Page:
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    Re: 16 gauge

    I still have my Dad's old Browning auto that dates to way before the sweet 16, the Winchester Mod 12, pre 64, and a Lefevre double, all in 16 ga.
    The cost of 16 ga shells is higher because of lack of production, due to lack of demand. Kinda like 22 short costing twice as much as 22 LR.

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    Re: 16 gauge

    Kinsman, I could not agree more.
    Why did the 16 drop out of popularity?
    Do the balistics of the 20 surpass it or it was just a thing driven by gun magazines of the 50-60s.and the 20 was the hot shot thing to use?
    I don't know but do know that anytime I have traded out with guys on a pheasant hunt and they carried and shot my gun they were reluctant to give it back and all offered to buy it.
    Reloading is always an option but the components available are limited at best and scarce as hens teeth.
    A good gauge gone south in use and popularity.
    Regards, FM

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    Re: 16 gauge

    I shoot a 16 gauge my grandfather game me. Its a sportsman model and I love it! It has an adjustable choke and its been hunted for so many years I lost count! Its wood has seen better days but the metal is still awesome.

    I wish 16 gauge was easier to come upon at the local sporting goods store but when I do find it I just buy several boxes.

    I have a 20 and a my father shoots a 12 gauge. The one gun that comes with me though is my 16. I don't even look at my 20 anymore.

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    Re: 16 gauge

    On a similar note, I'm a big fan of the 28 ga. Use it for pheasant and skeet but unless I reloaded skeet would not be an option. I can buy 12 or 20 ga. for about $50 a case and 28 ga. or .410 between $80 - 90 a case. Cost wise the 16 is right in with the 28 / .410. Once you have the hulls the 28 is a little cheaper to reload than the 12 /20.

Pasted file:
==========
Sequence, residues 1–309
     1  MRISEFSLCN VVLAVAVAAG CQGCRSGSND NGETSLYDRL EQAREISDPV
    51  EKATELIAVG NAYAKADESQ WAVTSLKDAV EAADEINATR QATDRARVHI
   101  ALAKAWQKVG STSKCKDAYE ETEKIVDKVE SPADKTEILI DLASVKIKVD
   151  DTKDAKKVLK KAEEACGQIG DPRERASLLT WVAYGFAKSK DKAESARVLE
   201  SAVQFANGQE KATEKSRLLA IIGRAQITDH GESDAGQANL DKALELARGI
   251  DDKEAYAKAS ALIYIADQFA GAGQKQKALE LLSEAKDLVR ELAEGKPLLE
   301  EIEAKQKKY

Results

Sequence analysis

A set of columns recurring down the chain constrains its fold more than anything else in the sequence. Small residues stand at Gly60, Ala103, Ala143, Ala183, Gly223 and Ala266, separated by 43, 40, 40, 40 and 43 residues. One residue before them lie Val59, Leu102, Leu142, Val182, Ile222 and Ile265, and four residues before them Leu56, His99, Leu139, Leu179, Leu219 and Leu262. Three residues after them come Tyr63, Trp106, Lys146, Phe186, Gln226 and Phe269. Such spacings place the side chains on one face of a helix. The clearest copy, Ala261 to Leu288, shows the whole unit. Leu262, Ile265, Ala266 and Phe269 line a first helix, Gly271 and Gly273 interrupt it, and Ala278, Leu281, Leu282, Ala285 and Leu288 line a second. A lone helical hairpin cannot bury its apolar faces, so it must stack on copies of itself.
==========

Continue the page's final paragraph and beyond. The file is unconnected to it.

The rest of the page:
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    Re: 16 gauge

    I too reload for my 16 but wads are not easy to come by. Also, my gun is a recoil operated semi-auto and after a few firings the hulls that are paper base wad type tend to get kind of concaved on the base.
    That doesn't happen with plastic shells, constructed like double AA but I don't have too many of those.
    I think it is caused by the ejection cycle.
    When they get that way they don't feed reliably from the magazine.
    Regards, FM

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    Re: 16 gauge

    Casey, I have read your posts several times and thought about them. Taking my time and thinking about things, especially the highlighted, bold text thing about Googling for 16 ga. shells, and then bobbing for apples?
    Are you trying to infer that I am some kind of FNG, naibob, imbecile that knows nothing about the internet and availibility of ammo and the cost of shipping or was that a try to help?
    I don't know quite how to interpret those posts.
    They remind me of a saying when I was welding pipe line in Texas and Oklahoma 40 some years ago. Something like a mosquito mind and something about an elephant's ass. I don't remember the exact word as I never found the saying to be useful to me again.
    Just wondering.
    Regards, FM

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    Re: 16 gauge

    Casey, have you gone out and bought 16 ga. shotshells recently? like within the past 5 or 10 years?
    That elephant is coming more into my mind as I think of this.
    Regards, FM

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    Re: 16 gauge

    This is a brand new forum. Lets not let personal attacks screw it up. Lets all work for the transfer of information so that all can learn and benefit.
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    Re: 16 gauge

    OK puncher, I was probably out of line, however, I did find some posts very condescending and voiced my opinion. So let's do as you say,"work for the transfer of information so that all can learn and benefit." My bad and I will take ALL of the blame.